Among many war veterans who greet with deep emotion July 27, the day of victory in the Fatherland Liberation War (June 25, 1950-July 27, 1953), is Choe Song Ok living in Ryonhwa-dong No. 2, Central District, Pyongyang.
Choe was born into a poor peasant family in Hwadae County of North Hamgyong Province in December 1935, when Korea was under Japanese military occupation. When she was two, Choe was bereaved of her mother and grew up in misery. It was not until after the country’s liberation on August 15, 1945 that she experienced what the happiness was.
However, she was deprived of her happy life, when the Korean war broke out on June 25, 1950 by the imperialist forces of aggression. She lost her father and house in autumn that year by the enemy’s indiscriminate bombing.
With irresistible indignation and vengeance, she joined the Korean People’s Army the following year, lying about her age to be one year older than she really was. When she was sent to an air corps, she stubbornly insisted that she should become a pilot.
Finally, she and several other girls were allowed to train flights. At that time, she was 16, the youngest of them.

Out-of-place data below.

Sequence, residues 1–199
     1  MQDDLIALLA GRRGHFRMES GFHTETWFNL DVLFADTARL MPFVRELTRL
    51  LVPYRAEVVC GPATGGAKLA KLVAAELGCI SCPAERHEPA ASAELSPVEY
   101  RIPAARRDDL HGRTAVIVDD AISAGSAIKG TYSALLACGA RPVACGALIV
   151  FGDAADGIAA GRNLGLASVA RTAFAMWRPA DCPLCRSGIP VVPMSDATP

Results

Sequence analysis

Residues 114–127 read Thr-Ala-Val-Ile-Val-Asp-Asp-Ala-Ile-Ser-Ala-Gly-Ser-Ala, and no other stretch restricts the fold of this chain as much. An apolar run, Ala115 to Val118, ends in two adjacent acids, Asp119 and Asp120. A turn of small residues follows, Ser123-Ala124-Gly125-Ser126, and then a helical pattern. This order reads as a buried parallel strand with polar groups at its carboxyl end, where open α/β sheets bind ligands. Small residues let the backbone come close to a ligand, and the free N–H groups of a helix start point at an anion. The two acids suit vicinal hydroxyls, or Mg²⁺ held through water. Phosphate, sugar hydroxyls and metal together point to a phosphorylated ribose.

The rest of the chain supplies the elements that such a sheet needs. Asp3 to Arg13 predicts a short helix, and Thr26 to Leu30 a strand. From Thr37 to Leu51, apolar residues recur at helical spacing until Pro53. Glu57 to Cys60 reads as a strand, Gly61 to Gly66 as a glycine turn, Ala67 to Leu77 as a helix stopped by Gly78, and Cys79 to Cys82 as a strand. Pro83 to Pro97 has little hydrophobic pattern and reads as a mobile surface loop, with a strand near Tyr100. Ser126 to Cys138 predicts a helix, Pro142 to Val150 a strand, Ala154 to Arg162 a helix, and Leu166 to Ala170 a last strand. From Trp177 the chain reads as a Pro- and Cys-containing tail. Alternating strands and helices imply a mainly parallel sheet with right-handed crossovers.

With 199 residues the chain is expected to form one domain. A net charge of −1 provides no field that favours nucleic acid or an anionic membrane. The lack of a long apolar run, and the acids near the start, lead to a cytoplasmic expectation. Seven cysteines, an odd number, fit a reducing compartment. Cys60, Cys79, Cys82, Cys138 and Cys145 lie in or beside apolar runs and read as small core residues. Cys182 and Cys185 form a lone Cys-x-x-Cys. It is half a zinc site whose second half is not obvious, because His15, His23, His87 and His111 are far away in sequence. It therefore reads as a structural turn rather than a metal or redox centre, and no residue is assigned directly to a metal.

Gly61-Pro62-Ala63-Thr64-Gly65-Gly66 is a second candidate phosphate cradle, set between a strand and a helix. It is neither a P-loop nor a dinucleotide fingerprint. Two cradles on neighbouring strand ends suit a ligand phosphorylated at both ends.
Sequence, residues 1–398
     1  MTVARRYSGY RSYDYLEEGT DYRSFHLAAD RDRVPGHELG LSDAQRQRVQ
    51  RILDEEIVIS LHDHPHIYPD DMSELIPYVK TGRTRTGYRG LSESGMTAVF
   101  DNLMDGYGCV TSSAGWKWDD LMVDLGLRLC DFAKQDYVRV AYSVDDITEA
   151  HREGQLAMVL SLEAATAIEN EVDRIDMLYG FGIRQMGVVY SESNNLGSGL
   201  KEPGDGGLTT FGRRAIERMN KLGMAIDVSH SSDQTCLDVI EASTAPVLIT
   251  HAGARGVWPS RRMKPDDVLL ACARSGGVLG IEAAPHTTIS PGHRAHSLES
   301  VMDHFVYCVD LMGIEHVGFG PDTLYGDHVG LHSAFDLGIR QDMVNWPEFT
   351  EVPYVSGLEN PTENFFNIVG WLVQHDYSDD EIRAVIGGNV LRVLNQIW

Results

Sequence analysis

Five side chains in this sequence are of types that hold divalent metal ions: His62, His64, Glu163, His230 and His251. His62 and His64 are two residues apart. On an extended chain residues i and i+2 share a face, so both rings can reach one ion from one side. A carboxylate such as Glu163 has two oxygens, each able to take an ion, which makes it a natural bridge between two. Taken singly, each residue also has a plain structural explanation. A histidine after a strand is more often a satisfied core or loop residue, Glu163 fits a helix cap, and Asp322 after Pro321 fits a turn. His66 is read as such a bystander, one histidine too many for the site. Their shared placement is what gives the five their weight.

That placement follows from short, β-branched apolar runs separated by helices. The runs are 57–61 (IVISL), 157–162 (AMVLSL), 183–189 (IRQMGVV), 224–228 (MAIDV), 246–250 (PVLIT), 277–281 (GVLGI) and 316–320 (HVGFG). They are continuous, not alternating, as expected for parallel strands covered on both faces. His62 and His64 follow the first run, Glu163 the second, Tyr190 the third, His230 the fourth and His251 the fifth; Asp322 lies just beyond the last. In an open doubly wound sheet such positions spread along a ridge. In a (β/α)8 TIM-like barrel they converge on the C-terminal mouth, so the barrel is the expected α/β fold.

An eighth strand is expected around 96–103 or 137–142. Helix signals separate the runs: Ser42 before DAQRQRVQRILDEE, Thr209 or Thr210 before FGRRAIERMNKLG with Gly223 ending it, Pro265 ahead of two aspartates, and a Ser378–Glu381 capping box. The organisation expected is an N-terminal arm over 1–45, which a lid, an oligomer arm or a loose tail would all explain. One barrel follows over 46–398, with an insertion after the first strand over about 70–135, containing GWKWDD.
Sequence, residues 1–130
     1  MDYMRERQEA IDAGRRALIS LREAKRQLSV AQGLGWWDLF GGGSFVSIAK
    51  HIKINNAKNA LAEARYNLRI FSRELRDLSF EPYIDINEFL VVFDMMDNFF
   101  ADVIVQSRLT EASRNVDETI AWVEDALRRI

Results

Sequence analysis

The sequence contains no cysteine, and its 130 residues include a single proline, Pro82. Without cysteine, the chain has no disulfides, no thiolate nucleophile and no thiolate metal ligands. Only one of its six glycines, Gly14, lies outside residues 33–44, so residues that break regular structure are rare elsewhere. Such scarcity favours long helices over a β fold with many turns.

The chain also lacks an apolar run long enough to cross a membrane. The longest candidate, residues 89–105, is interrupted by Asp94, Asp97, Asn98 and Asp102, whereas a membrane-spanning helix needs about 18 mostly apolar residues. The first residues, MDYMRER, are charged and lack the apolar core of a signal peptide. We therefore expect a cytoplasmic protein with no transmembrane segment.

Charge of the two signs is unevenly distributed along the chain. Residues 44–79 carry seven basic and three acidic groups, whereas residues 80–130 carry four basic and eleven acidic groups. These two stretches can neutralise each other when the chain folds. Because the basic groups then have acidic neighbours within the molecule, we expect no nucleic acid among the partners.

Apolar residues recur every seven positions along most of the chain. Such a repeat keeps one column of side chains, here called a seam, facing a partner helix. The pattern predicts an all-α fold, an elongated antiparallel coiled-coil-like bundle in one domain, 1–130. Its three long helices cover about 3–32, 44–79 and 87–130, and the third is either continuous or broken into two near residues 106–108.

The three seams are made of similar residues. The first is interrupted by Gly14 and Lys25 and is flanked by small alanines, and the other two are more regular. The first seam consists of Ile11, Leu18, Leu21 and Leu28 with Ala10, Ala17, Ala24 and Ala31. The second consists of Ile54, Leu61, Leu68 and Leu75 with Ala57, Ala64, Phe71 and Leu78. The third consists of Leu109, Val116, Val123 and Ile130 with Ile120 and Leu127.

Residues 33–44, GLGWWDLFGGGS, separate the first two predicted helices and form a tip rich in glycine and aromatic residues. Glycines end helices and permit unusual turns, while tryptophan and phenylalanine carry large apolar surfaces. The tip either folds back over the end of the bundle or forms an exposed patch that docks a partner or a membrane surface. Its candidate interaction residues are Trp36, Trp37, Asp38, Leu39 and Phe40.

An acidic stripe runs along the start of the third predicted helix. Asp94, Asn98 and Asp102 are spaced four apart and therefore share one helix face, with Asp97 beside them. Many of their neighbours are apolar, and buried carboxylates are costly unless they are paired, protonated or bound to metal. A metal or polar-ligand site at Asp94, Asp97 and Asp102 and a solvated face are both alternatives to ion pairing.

It was very difficult for the girls, who had never before driven a car or even a bike, to acquire the art of flight. But they did not waver in their determination to become pilots, encouraging each other to learn the knowledge and training hard. Eight months later, they were qualified as pilots, which was heralded as the birth of women pilots of the first generation in the DPRK, and that in wartime period.
Choe was usually gentle and reflective, but, once in the air, she was quite a different girl—an intrepid hawk.
Choe’s unit was mainly engaged in night bombing, and she and her comrades-in-arms made air raids on the enemy’s points of military importance in Seoul, Kimpho, Inchon and other parts of the country. Women pilots fought bravely until they greeted the day of victory.
In the postwar days Choe continued her military service, and after her discharge she studied at the then University of International Affairs. She worked in the field of foreign affairs until the age of 65.
The old war veteran, still full of youthful vigour, implants in the mind of the rising generations the noble spirit of defending the country displayed by those in the 1950s.